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Five tips for successful long-term breastfeeding

Five tips for successful long-term breastfeeding

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Breastfeeding can have its challenges early on. There’s learning the appropriate feeding positions and techniques, knowing when and how often to feed the baby, and so many other intangibles.

Getting off to a good start is key to successful long-term breastfeeding. Here are five things moms should do right from the time the baby is delivered:

Have your baby placed skin-to-skin on your chest immediately following birth.

Remember, the first feeding sets the tone for the next several feedings. Keeping your baby skin-to-skin until after the first feeding is important. Ask that your baby be placed on your tummy after delivery. Skin-to-skin contact, beyond feeding purposes, has other advantages. For one, it’s a way for both mom and dad to bond with the new baby. It also helps the baby stay warm and comfortable, latch on better and feed longer, and cry less, among other things.

“Skin-to-skin has a lot of benefits, including stabilizing all of the baby’s vital signs, including their heart rate, their respiratory rate, their blood sugar, their blood pressure, their temperature, all of those things,” says Melissa L. Droddy, a Carroll Hospital lactation specialist. “Laying babies skin-to-skin after delivery is really just kind of letting them acclimate to this real world. And then once they get themselves together, usually they start kind of wiggling around and looking for the breast and trying to eat, usually after an hour or so. Sometimes, it’s quicker than that, sometimes it takes longer.”

If you give birth by cesarean section, you can hold your baby on your chest or cheek-to-cheek, or your partner can hold the baby skin-to-skin until you are able to breastfeed.

If possible, start the first feeding right after birth, as this is when newborns are alert and very eager to be fed. Ask the nurses if it’s possible to delay routine newborn treatment until after the initial feeding. “The baby is usually really alert for the first two to three hours,” Droddy says. “After that, the baby gets really sleepy.”

After that first feeding, you can breastfeed your baby when he or she seems hungry or on demand. Just keep in mind that newborns need 8 to 12 feedings each day. Why so often? “Breast milk is a natural laxative, so basically what’s going in comes right out,” Droddy says.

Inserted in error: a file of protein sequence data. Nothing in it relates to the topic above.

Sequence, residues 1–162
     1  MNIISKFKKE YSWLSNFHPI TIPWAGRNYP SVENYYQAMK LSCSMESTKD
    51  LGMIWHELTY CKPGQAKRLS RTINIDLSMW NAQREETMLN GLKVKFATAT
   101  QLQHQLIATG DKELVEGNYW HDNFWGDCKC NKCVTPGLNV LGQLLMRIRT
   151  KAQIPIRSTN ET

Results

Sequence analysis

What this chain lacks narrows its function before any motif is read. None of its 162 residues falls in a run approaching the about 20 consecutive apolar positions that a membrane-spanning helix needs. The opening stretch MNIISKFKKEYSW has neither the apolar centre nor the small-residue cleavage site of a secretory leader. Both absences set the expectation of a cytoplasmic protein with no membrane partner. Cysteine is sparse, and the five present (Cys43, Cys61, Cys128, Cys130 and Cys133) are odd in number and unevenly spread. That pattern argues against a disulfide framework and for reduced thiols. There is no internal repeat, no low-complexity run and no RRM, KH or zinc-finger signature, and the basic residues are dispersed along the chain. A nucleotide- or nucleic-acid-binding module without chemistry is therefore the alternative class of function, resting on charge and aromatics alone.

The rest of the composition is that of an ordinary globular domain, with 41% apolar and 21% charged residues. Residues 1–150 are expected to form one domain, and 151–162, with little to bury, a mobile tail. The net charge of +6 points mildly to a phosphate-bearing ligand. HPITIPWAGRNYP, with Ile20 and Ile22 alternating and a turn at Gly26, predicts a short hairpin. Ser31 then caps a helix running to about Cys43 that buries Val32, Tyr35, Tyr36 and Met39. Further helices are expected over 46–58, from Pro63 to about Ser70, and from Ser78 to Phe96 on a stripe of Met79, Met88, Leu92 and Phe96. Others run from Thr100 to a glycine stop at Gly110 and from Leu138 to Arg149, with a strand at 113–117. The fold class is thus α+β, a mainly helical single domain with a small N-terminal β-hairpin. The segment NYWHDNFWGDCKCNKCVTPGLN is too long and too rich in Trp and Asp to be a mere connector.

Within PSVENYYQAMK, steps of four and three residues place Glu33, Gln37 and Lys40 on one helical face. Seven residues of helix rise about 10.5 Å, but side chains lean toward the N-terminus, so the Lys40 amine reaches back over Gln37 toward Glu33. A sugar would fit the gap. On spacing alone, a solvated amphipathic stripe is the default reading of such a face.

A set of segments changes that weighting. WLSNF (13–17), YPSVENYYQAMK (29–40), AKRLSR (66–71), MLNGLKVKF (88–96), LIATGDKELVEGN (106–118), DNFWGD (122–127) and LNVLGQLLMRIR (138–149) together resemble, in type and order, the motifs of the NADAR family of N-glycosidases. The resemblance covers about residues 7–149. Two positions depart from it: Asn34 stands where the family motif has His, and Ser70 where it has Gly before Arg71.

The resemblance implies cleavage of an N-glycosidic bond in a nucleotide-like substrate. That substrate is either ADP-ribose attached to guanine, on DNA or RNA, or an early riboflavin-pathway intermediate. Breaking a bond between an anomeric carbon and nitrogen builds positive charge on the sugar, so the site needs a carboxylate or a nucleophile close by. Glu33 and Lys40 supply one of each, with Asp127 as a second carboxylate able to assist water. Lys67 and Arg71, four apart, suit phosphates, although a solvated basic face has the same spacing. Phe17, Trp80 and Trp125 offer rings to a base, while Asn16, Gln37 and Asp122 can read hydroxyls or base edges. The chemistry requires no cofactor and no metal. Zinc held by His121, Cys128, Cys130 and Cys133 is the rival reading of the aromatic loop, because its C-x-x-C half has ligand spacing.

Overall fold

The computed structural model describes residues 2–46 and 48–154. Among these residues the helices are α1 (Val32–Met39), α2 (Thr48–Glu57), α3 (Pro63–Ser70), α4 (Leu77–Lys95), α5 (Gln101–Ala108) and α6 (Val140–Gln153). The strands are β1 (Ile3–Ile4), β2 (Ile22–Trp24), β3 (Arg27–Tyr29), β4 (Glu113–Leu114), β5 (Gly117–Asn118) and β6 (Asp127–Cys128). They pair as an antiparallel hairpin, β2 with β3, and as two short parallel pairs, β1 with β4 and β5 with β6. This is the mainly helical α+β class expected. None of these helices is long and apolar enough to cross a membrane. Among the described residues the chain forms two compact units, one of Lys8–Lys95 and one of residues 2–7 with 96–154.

Room-in with your baby and keep your baby with you all night.

If possible, keep the baby with you during your hospital stay so you can begin to learn his or her feeding cues (such as rooting and hand-to-mouth activity) and readily start feeding. This way, your baby won’t miss any important on-demand feedings.

Also, research has shown that moms don’t sleep much better with the baby away in the nursery than they would with the baby in the room. At times during your hospital stay, the baby may have to be taken for required tests or procedures. But under normal circumstances, your baby should not be away from you more than two hours a day, if at all.

Avoid supplementary feedings.

Offer your breast often. Avoid formula unless medically indicated and prescribed by the doctor. If you have to use formula, nurses can show you alternative ways to feed your baby so you can avoid bottle nipples during the first few weeks (the fast flow and different feel of a bottle nipple can potentially confuse babies and make subsequent feedings difficult). In addition, if supplementation is indicated, mothers should start pumping to protect and increase their milk supply.

Avoid the use of pacifiers and limit swaddling.

Remember, any time your baby seems hungry, offer the breast and continue skin-to-skin holding. It’s ok to allow the baby to suck on his or her hands (any self-inflicted scratches on the baby’s face as a result should heal fast).

Your doctor may recommend the use of a pacifier at some point, but likely not until breastfeeding is well established. As for swaddling, research has shown that babies who are regularly swaddled do not wake up as often for feedings. Babies should be swaddled loosely to allow them to get their hands to their mouth to show feeding cues.

Frequent feedings over the first few weeks helps assure an abundant milk supply.

Ask for help.

Reach out to a lactation consultant if you feel the breastfeeding sessions aren’t going well or if you’re concerned about breast soreness. Droddy says you should also call your doctor if the baby:

  • Is not eating at least 8 times within a 24-hour period
  • Is jaundiced (yellowing of the eyes or skin)
  • Often needs to be awakened for breastfeeding (newborns should have no more than one 4- to 5-hour break per day, including at night)
  • Has not returned to birth weight in 10 to 14 days
  • Has sudden stool pattern changes

Visit LifeBridge Health’s community page for more information about upcoming breastfeeding support group meetings. You can also check Sinai Hospital’s breastfeeding and lactation page as well as Carroll Hospital’s website for additional information on breastfeeding resources.

Source:

http://www.lifebridgehealth.org/

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